If you’re like the majority of Lincoln area residents over the age of 45, you want to continue living in a familiar environment throughout your maturing years with Accessible Design (also known as Certified Aging in Place [CAPS] or Universal Design.)
CAPS is the concept of using accessibility products and planned environments designed for use by all – regardless of age/condition.
It doesn’t matter if you are young or old, short or tall, healthy or ill. You might have a disability or you may be a skilled athlete. Universal design works for everyone and people who are very different can all enjoy the same home. That home will be there for all its inhabitants even when their needs change.
Put another way, aging in place is the ability to live in one’s own home – wherever that might be – for as long as confidently and comfortably possible.
We are using the term “aging in place” in reference to living where you have lived for many years, or to living in a non-healthcare environment, and using products, services and conveniences to enable you to not have to move as circumstances change.
Nate’s Custom Renovations is CAPS certified and ready to educate and help you remodel your home with Universal Design in mind.
Home Modification Ideas
To help you understand Accessible Design / Certified Aging In Place a bit more, below we have listed many of the common updates we complete for Lincoln area homeowners to make their home livable. Updates to Consider:
1. Lever handles
2. Swing clear hinges on all doors, which widen doorway up to 2”
3. Dead bold lock which can be turned by people with grasping difficulty
4. Shelf beside entrance to place things, while opening the door.
1. Rocker switches on all lights
2. Electric switches max 36” from floor
3. Thermostat easy accessible each floor, no higher than 40”
1. Sink counter: master sink controls off set 45 degree angle on the side of sink, single lever controls
2. Tilt mirror 30-31”, accessible medicine cabinets with small shelf below for placement of items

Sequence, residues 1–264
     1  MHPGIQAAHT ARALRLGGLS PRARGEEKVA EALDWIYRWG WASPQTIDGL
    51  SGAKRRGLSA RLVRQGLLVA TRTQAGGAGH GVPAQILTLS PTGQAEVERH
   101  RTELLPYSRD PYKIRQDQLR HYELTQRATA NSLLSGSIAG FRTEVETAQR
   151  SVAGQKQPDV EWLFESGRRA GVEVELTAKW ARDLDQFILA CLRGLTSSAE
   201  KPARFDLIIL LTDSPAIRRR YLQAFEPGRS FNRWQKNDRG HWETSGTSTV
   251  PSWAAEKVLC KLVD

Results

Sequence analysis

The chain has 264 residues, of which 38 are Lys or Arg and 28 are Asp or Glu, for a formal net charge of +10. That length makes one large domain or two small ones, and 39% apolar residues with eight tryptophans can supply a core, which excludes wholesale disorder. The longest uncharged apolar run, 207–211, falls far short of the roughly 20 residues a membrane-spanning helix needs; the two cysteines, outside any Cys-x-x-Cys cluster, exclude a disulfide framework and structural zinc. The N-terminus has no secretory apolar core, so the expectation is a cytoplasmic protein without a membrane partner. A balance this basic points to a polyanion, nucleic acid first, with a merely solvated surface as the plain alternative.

3. Shower grab bars: wrap around inside shower. Shower curtain, not door. Hand shower extra long hose 80” with diverter on the handle, and with offset single lever control. Separate wall mounted shower head
4. Shower chair would be best with arm rests for lateral support
5. Toilet long lever handle
6. Fold down grab bar on the side of toilet seat
7. At toilet: Install a shelf built into wall between studs and extending out, for hygiene supplies, consider ¾” edge on front to keep things from sliding off. Approx. 32” height.
8. Grab bars to serve as towel bars, textured, non-slip.
1. Counter height 32-34”
2. Sink with open below access, long hand-held faucet to reach and fill pot on counter or stove top.
3. Cabinets: Pull-out shelves inside; drawers are good, but best with easy glide hardware. Lazy susans in cabinets; pull-out cutting board or work surface, for where counter height is higher.
4. Microwave at counter height
5. Hood controls at front of counter.
6. Range controls at the front
1. Adjustable rods 48-60” or lower. 36” space between shallow rods and shelves for wheelchair access.
2. Open vertical shelving with pull-out ½ shelves (easy to see into and gain access to contents.)
1. Floors: Hardwood floors NOT high gloss but rather matte finish, which make it too slippery. Carpet low-pile and dense.
2. Ability to easily open and close blinds/drapes
3. Increased incandescent lighting and specific task lighting
4. Easy garage or parking access
5. At least one entry is without steps
6. Electrical outlets at 18 inches instead of 12
7. Easy to open or lock patio doors and screens
8. Lower window sills especially for windows on the street
9. Programmable thermostats for heating and cooling
10. Non-glare glass on art work
11. Peep hole at a low height
12. Incorporation of emergency response system installed or wearable